When a synagogue burns

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Beth Hamedrash Hagodol on Norfolk Street, which was destroyed in a fire last week.

When people die, we say kaddish.

When a synagogue perishes, we should say kaddish as well.

Those were my thoughts when I heard of the fiery destruction of the historic Beth Hamedrash Hagodol on New York’s Lower East Side, which occurred last week.

It gets worse.

It now turns out that a teenager has been arrested for arson.

The synagogue dates back to the 1850s, when it was first erected as a Baptist church.

In the 1880s, the building was purchased by the congregation Beth Hamedrash Hagodol, which occupied the space until it closed in 2007 — though the religious community that it housed still exists, and has been in the process of reviving itself.

In 1967, the building became one of New York City’s earliest designated historic landmarks, because of its special historical and aesthetic interest.

The destruction of any house of worship – especially through the willful act of arson – should upset us.

But, there is more.

For me, there is a sad poignancy in this act of destruction.

Because I remember one of that synagogue’s greatest rabbis.

His name was Rabbi Ephraim Oshry.

And, unless you know a lot about the Holocaust and the sacred literature associated with it, you might never have heard of him.

Oshry was born in Kupiskis, Lithuania, and studied at the Slobodka Yeshivah.

During the Nazi occupation of Lithuania, he became the rabbi of the Kaunas (Kovno) ghetto. As part of his duties, he issued responsa — answers to questions concerning Jewish practice.

Here is the amazing thing.

When someone asked him a question, he would write the details on scraps of paper, along with the responses he provided. He then hid these papers in cans, which he then buried in the ground.

After the war, Rabbi Oshry unearthed the hidden cans. He painstakingly reviewed each and every question.


Because when people had asked him the original questions, he had no access to any of his sacred texts. He issued all of his response — based simply on his prodigious memory.

After the war, Oshry wanted to check his work. He wanted to be sure that his answers were accurate and truly based on Torah texts.

After the war, Oshry went to Rome. There, in 1945, he founded a yeshiva for young Holocaust survivors.

In 1950, he moved the yeshiva to Montreal.

Then, he moved it to New York.

In 1952, he became rabbi of Beth Hamedrash Hagodol.

Sixty-five years later, that shul was in flames.

Why did I admire Rabbi Oshry? And why should you do the same?

Because of the depth, spirituality, and compassion that he offered Jews – in the most extreme moments of Jewish history.

Consider two examples.

A young boy asked Rabbi Oshry: Even though I am some months away from my thirteenth birthday (the age of bar mitzvah), would you let me put on tefilin?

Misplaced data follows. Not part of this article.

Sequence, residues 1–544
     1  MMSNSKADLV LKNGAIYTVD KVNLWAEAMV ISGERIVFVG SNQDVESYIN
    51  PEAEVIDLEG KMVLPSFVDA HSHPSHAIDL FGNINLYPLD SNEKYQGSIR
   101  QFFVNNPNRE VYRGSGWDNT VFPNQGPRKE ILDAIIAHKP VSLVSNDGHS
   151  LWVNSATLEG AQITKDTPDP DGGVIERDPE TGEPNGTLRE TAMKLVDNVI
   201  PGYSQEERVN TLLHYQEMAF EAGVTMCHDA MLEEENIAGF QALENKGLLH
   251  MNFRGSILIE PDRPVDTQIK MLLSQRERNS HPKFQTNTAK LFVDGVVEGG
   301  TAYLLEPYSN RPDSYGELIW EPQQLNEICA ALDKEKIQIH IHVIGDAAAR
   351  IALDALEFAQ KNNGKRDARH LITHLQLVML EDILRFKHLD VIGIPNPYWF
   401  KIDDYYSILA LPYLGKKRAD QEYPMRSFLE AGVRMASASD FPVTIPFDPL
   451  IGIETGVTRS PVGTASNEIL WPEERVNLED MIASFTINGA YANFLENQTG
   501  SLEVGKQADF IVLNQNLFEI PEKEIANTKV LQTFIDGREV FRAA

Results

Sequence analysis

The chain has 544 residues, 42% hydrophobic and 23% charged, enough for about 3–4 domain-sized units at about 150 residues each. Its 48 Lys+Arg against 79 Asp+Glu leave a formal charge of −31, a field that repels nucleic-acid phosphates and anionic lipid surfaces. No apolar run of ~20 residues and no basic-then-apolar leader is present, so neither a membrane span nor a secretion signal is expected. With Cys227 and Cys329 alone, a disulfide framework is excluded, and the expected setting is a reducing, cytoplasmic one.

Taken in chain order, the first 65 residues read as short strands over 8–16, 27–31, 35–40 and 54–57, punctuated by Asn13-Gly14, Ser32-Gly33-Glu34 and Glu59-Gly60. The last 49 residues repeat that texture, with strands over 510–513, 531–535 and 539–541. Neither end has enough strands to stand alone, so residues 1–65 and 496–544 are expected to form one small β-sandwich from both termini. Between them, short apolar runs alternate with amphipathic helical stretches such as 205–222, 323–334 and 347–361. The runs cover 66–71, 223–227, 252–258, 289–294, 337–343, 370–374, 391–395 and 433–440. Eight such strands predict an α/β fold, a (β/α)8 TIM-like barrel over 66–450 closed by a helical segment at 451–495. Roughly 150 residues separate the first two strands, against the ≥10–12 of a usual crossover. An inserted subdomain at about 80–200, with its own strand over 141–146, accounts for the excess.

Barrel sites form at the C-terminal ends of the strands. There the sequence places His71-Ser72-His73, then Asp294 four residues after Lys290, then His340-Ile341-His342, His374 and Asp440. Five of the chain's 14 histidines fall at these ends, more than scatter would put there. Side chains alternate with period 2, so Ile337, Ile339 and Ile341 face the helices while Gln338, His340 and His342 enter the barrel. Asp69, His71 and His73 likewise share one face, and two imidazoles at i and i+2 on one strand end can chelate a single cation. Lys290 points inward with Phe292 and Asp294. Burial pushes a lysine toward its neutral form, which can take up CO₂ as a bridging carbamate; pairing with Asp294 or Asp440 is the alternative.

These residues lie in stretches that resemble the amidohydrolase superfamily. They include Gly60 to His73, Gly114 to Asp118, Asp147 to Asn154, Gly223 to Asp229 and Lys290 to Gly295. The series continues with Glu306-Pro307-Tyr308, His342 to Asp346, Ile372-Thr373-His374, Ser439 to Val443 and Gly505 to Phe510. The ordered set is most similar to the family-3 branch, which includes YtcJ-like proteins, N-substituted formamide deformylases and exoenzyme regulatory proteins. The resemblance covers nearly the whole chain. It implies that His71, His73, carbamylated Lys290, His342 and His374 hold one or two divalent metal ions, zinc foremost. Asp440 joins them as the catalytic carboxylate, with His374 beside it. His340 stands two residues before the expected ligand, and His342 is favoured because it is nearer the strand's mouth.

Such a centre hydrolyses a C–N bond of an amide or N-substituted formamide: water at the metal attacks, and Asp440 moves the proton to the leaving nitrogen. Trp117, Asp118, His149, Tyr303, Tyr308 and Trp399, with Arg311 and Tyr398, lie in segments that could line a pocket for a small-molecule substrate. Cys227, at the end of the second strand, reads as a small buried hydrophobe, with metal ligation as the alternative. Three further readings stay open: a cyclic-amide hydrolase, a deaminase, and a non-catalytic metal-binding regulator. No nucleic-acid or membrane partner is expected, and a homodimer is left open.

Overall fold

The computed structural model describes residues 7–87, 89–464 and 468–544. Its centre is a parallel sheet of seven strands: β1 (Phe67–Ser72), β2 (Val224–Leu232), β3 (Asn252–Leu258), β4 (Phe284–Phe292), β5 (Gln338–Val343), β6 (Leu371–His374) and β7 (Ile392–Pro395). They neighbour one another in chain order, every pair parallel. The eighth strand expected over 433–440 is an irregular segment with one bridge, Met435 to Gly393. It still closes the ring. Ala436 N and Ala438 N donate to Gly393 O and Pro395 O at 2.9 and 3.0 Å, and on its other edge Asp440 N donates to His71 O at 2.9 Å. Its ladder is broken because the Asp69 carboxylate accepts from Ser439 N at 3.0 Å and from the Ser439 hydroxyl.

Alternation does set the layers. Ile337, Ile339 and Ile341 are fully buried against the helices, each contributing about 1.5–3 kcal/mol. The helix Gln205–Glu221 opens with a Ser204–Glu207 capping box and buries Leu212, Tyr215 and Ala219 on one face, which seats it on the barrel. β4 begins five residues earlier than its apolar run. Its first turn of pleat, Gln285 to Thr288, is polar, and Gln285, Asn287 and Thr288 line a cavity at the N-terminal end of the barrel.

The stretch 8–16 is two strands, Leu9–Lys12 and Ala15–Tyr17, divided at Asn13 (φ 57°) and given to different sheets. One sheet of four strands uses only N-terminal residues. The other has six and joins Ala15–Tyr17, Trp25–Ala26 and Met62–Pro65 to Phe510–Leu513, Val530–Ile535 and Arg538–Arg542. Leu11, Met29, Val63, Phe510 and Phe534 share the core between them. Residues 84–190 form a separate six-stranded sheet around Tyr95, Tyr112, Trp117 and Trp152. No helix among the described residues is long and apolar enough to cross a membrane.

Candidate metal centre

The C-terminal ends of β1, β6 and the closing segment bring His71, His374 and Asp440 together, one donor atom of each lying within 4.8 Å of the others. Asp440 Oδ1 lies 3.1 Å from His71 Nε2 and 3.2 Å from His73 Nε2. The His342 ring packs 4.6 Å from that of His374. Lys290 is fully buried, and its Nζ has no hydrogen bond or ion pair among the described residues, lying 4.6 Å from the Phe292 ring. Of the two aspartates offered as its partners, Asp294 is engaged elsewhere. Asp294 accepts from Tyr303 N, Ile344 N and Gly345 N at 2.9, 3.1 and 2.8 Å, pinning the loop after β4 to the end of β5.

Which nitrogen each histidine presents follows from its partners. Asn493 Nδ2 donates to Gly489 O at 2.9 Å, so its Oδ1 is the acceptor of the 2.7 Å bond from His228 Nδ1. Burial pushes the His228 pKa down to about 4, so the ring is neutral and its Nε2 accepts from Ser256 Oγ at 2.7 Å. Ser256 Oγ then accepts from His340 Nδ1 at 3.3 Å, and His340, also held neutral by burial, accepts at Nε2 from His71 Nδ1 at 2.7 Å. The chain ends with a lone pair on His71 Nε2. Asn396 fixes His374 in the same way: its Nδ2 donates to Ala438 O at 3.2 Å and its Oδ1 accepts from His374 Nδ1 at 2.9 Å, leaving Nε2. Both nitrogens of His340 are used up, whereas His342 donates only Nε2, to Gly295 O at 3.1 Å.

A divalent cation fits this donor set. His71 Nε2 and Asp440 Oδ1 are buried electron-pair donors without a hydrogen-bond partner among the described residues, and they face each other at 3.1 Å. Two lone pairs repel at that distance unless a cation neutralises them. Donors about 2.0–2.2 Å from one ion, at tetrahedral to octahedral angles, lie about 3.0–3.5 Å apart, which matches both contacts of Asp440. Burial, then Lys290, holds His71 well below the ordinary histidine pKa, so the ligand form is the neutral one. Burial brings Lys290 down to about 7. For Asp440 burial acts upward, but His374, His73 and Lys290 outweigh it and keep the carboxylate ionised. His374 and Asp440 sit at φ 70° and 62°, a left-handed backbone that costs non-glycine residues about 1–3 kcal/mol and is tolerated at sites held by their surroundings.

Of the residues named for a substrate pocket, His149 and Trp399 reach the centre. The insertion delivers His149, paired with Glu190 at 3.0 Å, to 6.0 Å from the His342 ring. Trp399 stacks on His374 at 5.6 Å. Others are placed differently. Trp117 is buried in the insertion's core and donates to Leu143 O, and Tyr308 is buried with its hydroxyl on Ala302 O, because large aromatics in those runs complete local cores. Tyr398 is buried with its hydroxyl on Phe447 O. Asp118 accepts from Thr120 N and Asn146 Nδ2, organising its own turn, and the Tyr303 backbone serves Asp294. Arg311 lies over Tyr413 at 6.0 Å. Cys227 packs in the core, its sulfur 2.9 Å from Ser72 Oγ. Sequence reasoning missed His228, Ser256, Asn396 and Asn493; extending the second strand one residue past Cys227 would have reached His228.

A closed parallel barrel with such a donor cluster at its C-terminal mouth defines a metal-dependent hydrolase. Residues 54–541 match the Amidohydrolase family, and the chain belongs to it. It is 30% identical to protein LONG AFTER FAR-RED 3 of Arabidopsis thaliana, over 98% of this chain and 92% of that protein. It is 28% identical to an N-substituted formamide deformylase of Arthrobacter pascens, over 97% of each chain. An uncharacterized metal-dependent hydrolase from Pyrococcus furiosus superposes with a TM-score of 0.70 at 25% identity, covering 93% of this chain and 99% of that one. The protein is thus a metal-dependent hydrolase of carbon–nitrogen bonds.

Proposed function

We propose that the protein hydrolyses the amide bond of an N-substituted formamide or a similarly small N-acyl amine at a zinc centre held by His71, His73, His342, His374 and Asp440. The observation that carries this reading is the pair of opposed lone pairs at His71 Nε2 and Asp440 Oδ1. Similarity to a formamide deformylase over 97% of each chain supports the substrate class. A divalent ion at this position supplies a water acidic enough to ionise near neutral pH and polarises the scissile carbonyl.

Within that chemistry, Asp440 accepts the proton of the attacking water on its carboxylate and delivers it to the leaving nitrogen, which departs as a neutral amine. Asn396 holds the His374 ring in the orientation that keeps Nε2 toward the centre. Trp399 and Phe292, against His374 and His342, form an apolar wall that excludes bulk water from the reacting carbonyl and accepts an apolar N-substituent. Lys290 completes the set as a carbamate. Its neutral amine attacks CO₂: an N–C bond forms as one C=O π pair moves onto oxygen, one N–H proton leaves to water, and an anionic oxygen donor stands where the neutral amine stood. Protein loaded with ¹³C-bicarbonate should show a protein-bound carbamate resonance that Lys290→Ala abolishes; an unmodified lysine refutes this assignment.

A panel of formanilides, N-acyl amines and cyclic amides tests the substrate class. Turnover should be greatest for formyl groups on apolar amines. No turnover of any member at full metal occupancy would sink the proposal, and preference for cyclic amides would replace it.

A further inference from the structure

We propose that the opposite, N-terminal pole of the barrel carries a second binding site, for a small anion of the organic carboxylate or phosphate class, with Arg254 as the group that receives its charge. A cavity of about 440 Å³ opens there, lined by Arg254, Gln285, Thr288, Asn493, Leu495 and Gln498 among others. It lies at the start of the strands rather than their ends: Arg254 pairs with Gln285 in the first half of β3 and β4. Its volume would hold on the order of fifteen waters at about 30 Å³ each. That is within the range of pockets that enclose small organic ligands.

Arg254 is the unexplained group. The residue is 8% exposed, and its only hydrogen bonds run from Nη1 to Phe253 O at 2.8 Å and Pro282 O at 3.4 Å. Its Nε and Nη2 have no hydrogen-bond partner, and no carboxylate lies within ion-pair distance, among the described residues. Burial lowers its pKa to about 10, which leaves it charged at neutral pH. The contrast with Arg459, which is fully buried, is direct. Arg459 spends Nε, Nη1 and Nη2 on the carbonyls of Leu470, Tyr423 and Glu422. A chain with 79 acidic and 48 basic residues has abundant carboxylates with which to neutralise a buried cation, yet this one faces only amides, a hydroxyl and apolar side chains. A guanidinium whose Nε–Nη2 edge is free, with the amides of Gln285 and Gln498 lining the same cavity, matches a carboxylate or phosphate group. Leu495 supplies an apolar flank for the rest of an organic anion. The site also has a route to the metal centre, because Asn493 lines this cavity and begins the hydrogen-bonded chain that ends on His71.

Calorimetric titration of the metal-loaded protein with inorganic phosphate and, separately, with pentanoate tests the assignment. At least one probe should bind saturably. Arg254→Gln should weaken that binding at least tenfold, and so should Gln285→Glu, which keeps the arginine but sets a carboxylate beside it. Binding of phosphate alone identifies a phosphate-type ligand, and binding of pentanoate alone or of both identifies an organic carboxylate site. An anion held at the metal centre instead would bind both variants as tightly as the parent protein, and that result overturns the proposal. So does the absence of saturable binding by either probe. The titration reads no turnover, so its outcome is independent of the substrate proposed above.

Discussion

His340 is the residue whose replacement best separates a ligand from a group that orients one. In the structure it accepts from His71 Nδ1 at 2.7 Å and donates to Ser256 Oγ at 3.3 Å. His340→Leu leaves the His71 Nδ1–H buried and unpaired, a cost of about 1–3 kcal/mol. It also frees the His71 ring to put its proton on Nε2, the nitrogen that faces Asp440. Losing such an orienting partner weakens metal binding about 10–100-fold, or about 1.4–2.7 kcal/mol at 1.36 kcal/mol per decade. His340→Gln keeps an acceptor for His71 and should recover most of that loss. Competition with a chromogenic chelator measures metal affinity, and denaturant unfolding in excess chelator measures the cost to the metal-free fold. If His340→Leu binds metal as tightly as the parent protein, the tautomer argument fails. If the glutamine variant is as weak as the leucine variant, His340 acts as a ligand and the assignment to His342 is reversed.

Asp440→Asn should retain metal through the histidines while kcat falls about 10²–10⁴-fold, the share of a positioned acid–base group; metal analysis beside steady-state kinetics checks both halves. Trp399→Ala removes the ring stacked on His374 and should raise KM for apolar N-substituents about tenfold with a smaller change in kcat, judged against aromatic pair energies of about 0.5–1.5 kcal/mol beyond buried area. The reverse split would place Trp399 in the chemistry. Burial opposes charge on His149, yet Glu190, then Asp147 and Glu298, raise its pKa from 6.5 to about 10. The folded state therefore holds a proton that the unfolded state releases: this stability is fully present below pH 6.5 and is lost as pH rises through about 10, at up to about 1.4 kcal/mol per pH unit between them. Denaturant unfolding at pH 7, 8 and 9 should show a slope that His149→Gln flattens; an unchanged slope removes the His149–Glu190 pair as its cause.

Here is how Oshry began his answer:

When I fathomed the simple sincerity of this boy’s request, tears gushed from my eyes. I could not help citing the words of the prophet Jeremiah: “Who would grant that my head be water, my eyes a source of tears…for death has come up in our windows, has entered our houses, to destroy the youth outside, our chosen ones from the streets.”

This was his response: Yes, the boy could put on tefilin, even though he was below the age of thirteen.

And why?

New edicts by the German taskmasters were issued against us every day; especially upon Jewish children. Who could assure this boy that he would ever reach the age of 13 to fulfill the mitzvah?

This was why the could not, and should not, wait to don tefilin.

Utter wisdom, and utter compassion.

A second question – and much more troubling.

After the war, a husband reunited with his wife, who had been forcibly separated from him. She had been imprisoned in a concentration camp.

The man discovered that his wife now bore a horrible tattoo, that marked her as having been forced into prostitution in an SS brothel.

The man asked Rabbi Oshry: was it permissible for him to resume sexual relations with his wife?

Horrible? Yes. How could the husband have even asked that question?

But, here is how Rabbi Oshry answered the question.

The woman had been raped, and therefore, there was certainly no culpability on her part. A woman’s claim of rape is always to be believed.

But, Oshry went one step further. He said something about the horrible tattoo itself.

There is no need to attempt to efface the tattoo…..on the contrary, it should be viewed not as a sign of shame and disgrace, but rather as a sign of honor and strength. This tattoo is a sign that we shall yet see the destruction of those who lost all semblance of humanity, who were like beasts of the forest and ravening wolves…

Rabbi Oshry understood the meaning of spiritual heroism.

Remember: he made these decisions not based on the texts that he had at his disposal, because he had none.

Rather, he relied on his memory. He did as well as he could under the circumstances.

I just want the punk who torched that synagogue to know who its rabbi had been.

I want that punk to know something of that rabbi’s teachings — a refusal to surrender to hatred and despair.

Maybe that should be his punishment: learn Hebrew; read Oshry’s responsa; translate them.

And learn to live by his words and by his values.